Krugman and Young revisited: a survey of the sources of productivity growth in a world with less constraints

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Institute of Economic Research, Seoul National University
Seoul Journal of Economics, Vol.22 No.1, pp. 29-54
Total factor productivity growthEast AsiaEfficiency change
Young (1994) and Kim and Lau (1994), among others, argue

that the Asian Miracle of relatively high growth was largely due

to increases in factor inputs. Productivity growth would eventually

slow because of diminishing returns to factors. Thus total factor

productivity growth was not the reason for the Asian Miracle.

Krugman (1994) summarized this research, comparing the growth

experience of Singapore, among the other Asian Tigers, to that of

the Soviet Union and argued that there was reason to expect a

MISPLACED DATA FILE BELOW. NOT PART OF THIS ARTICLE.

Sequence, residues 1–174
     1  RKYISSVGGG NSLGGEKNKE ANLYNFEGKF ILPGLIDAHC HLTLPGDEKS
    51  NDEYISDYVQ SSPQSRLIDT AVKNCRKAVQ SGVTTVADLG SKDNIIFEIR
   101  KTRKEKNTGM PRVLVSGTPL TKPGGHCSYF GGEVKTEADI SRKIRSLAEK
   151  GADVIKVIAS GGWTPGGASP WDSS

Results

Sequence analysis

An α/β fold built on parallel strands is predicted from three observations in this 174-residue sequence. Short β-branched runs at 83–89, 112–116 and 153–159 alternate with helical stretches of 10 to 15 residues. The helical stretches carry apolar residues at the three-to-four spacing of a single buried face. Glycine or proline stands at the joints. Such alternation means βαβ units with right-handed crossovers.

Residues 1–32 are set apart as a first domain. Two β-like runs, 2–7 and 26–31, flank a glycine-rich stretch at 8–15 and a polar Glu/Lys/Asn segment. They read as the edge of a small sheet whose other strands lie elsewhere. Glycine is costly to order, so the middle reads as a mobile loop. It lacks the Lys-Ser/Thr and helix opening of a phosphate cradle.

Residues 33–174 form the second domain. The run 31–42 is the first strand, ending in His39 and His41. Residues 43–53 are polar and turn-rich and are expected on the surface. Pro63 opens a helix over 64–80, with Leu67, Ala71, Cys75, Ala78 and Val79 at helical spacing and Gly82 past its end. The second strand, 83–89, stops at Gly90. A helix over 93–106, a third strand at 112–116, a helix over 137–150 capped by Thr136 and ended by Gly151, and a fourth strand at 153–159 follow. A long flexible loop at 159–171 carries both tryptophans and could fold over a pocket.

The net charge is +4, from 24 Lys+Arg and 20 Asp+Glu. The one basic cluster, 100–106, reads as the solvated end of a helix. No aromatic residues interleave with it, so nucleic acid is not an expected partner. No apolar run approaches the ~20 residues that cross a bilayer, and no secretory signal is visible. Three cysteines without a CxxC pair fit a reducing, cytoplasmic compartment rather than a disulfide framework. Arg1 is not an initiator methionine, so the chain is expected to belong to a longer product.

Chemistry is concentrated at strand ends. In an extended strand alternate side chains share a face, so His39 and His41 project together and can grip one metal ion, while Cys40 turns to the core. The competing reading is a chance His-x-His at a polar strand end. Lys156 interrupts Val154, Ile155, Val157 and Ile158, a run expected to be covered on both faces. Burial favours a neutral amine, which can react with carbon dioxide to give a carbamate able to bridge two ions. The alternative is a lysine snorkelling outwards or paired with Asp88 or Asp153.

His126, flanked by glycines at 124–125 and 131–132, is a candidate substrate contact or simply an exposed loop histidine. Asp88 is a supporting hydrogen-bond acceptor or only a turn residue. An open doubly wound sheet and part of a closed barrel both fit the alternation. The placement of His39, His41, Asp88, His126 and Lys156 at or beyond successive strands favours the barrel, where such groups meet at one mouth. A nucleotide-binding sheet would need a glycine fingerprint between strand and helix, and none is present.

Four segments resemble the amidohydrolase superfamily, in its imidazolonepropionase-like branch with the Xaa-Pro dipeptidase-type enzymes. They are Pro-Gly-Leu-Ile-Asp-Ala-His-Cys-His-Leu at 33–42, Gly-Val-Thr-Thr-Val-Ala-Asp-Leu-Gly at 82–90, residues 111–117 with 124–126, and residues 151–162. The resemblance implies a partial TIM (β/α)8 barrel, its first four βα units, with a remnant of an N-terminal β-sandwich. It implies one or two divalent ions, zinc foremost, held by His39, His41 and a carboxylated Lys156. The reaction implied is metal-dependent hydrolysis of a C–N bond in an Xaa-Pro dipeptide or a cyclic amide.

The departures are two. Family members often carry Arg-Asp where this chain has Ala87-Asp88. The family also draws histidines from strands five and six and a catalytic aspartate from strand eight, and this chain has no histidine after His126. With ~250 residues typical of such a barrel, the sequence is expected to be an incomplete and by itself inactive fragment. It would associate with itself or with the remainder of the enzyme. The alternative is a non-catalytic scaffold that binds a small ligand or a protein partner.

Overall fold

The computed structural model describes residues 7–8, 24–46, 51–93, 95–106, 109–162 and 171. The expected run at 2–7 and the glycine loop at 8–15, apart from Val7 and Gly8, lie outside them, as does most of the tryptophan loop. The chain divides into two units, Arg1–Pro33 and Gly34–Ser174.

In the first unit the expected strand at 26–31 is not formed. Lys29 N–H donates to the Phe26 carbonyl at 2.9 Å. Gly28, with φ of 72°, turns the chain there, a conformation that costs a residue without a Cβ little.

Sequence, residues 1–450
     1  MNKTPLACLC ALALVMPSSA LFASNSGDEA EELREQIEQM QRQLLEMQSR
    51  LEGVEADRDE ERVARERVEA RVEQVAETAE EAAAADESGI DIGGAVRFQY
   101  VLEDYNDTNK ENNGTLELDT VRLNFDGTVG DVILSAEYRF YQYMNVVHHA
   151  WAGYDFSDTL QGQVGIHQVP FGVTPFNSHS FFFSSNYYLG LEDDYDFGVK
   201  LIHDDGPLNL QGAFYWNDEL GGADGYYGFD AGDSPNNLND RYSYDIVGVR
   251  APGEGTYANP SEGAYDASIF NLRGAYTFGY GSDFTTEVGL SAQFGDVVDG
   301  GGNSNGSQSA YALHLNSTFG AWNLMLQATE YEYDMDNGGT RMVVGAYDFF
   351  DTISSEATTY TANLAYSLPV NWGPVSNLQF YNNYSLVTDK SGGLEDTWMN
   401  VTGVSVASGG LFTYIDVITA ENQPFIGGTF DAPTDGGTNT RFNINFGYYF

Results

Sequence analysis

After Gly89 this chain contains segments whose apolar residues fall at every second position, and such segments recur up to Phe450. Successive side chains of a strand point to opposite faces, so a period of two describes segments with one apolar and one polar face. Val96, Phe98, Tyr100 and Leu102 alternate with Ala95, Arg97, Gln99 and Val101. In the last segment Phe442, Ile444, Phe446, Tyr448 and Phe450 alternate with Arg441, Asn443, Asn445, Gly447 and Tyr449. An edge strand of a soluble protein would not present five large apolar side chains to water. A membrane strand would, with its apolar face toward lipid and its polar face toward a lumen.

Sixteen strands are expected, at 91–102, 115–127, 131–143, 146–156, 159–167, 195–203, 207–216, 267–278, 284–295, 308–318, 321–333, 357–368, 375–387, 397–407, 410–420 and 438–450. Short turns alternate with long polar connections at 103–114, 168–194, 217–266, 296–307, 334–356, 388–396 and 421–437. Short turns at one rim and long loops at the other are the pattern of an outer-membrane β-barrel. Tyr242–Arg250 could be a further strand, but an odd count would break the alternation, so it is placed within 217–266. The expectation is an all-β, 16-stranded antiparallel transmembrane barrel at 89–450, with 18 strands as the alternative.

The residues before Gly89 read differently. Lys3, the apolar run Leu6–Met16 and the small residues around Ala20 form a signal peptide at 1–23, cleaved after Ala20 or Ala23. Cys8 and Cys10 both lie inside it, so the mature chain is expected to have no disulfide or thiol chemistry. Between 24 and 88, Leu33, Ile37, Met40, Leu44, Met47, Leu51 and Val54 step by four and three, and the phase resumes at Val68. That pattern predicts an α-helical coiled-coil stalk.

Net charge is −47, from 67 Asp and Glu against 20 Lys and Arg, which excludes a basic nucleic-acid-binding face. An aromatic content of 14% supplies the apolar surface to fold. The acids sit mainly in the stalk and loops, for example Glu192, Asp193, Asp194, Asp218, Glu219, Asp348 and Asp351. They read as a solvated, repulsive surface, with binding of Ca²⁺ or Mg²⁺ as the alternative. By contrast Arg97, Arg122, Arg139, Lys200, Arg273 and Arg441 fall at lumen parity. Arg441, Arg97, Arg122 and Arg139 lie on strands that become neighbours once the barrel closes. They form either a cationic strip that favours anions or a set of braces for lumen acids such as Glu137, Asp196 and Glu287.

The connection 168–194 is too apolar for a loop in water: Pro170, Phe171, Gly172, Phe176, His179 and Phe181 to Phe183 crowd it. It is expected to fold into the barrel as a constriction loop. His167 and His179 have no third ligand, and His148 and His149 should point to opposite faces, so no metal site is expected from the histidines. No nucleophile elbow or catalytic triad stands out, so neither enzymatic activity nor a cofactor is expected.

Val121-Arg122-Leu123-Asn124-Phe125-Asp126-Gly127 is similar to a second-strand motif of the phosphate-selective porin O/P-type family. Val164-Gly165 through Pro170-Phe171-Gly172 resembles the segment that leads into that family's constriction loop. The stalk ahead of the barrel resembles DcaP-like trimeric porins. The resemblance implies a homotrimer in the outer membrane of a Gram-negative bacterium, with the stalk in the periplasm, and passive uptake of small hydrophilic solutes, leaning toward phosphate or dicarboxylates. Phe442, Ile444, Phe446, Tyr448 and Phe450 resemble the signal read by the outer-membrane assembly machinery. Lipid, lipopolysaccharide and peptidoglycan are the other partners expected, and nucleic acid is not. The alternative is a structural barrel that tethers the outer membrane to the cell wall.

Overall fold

similar outcome, namely a collapse of the political institutions due

to economic stagnation. Interestingly, Krugman consistently refers

to efficiency growth and technical progress as equivalent terms. In

this paper and survey we discuss alternative explanations for

economic growth in Asia as well as elsewhere in the world in the

post WWII years. The alternative explanation is explicit in Krugman's

treatise. It is economic growth due to a world with less constraints.
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College of Social Sciences (사회과학대학)Institute of Economics Research (경제연구소)Seoul Journal of Economics (SJE)Seoul Journal of Economics vol.22 no.1~4 (2009)
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